Advice on Hatching Chicks in an Incubator?

Discussion in 'Incubating & Hatching Eggs' started by ConfusedTaru, Feb 9, 2016.

  1. ConfusedTaru

    ConfusedTaru Out Of The Brooder

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    Feb 9, 2016
    I have been reading up on this a lot, but many people say different things. I am hatching eggs in an incubator for a science fair project. It is a little giant still air, no turner. I have been turning the eggs 2-3 times a day and have been keeping the water reservoir full. What is the best temperature for hatching chicks? The eggs are regular chicken eggs from a friend. Am I allowed to open the incubator during lock down to remove the chicks that have hatched? I have hatched chicks before with broody hens, and have done it in an incubator once, but that was not for hatch rates, just to save some abandoned eggs. I am new to backyard chickens, and actually got an account to ask for help on these questions. I need at least a 75% hatch rate for the science fair to work.
     
  2. nchls school

    nchls school Chillin' With My Peeps

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  3. Jessimom

    Jessimom Cats Rule Dogs Drool

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    I have a Little Giant with a fan and an auto turner. I keep ZERO water in the 'bator for the first 18 days. My humidity runs around 36%. You should candle the eggs to see if the air cells are losing the correct amount of moisture since you have the channels full of water. What is the humidity?

    I have a second little giant bator (no fan) that I had very successful hatch rates with. I kept wet sponges in there, rather than using the channels to up the humidity for lockdown. I was able to add water through the vent holes to keep the sponges wet. I have since broken that incubator trying to add a fan. I think the temps I ran that at were 99 - 100, but my chicks hatched late - days 21 and 22. I replaced the broken bator with an Incuview and had a HORRIBLE hatch.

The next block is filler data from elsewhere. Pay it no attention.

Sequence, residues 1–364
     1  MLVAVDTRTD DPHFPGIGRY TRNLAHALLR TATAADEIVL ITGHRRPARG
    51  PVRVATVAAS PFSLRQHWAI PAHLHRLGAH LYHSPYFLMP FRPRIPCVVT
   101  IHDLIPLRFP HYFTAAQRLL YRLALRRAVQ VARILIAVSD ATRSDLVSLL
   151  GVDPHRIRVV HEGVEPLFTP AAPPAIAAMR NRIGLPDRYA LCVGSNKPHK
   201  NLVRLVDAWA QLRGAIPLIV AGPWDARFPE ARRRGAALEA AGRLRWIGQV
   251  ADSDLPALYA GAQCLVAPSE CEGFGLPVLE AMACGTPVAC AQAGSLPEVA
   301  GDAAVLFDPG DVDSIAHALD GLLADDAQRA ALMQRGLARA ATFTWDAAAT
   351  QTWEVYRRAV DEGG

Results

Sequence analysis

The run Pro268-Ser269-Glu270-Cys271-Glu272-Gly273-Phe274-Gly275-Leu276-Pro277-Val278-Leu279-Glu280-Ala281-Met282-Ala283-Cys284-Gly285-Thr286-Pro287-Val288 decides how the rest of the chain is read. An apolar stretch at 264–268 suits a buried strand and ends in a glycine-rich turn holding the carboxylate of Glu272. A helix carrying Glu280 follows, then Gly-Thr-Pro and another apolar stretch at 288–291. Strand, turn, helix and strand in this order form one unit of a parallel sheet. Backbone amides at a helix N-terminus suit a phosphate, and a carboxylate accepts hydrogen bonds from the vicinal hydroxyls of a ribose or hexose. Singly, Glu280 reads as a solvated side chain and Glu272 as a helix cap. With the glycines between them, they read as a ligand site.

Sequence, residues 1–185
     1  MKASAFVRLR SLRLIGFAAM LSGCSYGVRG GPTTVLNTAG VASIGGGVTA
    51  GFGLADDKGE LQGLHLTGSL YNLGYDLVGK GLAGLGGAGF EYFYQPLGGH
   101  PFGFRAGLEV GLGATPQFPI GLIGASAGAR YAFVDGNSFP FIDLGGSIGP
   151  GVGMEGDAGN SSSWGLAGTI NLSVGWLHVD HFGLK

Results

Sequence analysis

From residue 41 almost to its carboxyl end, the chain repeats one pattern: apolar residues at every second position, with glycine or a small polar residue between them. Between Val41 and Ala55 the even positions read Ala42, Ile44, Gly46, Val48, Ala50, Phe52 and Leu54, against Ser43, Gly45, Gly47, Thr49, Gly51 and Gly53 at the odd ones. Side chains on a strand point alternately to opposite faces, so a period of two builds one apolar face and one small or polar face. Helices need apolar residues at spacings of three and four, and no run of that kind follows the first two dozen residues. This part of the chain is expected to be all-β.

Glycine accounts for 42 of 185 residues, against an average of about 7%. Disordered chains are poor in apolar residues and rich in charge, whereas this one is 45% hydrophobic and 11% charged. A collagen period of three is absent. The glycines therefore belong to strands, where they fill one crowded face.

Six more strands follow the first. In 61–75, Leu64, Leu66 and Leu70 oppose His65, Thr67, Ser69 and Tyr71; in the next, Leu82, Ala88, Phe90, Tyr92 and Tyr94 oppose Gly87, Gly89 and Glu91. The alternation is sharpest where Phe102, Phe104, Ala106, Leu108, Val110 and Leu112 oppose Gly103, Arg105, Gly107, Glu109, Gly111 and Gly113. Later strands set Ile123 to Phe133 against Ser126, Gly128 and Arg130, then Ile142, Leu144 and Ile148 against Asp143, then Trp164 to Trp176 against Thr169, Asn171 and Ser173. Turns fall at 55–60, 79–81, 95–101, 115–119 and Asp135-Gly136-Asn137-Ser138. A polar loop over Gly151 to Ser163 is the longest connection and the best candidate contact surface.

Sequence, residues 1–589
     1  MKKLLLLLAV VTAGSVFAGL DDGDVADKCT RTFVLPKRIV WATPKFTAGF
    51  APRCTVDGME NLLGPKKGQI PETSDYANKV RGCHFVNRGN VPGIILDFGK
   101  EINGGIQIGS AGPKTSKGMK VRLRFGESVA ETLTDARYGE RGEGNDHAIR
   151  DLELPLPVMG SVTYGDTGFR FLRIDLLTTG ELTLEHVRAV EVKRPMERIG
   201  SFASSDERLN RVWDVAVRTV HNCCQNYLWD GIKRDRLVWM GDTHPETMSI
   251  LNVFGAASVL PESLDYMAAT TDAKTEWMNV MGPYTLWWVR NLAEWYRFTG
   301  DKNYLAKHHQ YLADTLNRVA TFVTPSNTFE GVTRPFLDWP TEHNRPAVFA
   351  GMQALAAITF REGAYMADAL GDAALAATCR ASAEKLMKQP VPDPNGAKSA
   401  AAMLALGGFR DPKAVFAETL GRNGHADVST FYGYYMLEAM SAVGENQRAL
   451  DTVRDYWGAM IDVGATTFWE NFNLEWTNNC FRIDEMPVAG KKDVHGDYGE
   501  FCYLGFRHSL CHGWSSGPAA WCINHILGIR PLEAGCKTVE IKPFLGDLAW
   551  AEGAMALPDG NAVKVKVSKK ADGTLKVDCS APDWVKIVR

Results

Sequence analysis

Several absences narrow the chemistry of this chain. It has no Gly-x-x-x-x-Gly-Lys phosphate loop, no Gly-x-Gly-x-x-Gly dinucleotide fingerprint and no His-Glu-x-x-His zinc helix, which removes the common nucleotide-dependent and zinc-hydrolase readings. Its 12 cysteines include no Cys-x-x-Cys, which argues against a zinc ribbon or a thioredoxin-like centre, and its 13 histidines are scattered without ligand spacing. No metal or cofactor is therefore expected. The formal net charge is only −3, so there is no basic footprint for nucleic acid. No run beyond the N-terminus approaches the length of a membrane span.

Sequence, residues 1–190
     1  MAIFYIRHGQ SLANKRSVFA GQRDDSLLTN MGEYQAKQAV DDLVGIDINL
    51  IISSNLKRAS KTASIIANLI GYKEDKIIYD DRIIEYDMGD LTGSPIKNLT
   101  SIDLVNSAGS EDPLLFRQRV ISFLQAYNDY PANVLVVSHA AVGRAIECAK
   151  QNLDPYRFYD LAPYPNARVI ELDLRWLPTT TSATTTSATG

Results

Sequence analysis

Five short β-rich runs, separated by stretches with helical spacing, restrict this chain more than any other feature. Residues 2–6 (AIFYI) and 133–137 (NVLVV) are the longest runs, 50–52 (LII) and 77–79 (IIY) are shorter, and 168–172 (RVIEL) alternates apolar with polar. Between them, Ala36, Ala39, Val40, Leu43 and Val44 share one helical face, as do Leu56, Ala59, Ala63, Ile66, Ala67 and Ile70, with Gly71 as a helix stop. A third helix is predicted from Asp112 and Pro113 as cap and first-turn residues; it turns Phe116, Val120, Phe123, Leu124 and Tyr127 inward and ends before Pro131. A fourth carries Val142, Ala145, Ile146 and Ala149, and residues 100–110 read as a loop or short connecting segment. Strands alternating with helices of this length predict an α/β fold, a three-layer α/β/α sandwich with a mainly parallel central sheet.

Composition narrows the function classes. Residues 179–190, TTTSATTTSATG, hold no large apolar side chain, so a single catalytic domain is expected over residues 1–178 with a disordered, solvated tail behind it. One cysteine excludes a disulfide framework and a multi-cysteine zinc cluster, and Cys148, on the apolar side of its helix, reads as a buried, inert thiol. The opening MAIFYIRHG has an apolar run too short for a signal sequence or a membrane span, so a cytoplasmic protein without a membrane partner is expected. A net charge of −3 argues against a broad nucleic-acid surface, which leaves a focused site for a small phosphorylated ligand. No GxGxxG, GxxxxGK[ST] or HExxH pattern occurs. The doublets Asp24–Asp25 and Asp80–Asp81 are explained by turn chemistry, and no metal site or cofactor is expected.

I agree, once you lock down the eggs, don't open it again until most chicks have hatched. They can go 2 to 3 days without food or water.

    Go here to get more info.... https://www.backyardchickens.com/a/hatching-eggs-101

    Good luck!!!
     
  4. ConfusedTaru

    ConfusedTaru Out Of The Brooder

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    Feb 9, 2016
    Okay,
    So my incubator is at 101, and I have been turning my eggs 2-3 times a day. The eggs have been in the incubator for three days, so I will candle in 3 days. I have hatched eggs before, but with an auto turner. I will not refill the water reservoir then until it is lock down. I do not know what my humidity is. How do you measure that? Also, for future reference, would all this be the same for duck eggs? Bantam eggs? I have all of those species, and occasionally we need an emergency rescue from a new broody. I also wanted to thank you guys for the quick replies, this is my first thread on BYC, and I thought it would be much, much slower. I will give you guys updates in pictures when I candle and when they hatch. I will leave the chicks in the bator until all have hatched. This is my first time hatching full sized chickens, so I am excited to add some more variety to the flock, although I am a bit clueless. Any more advice is very welcome.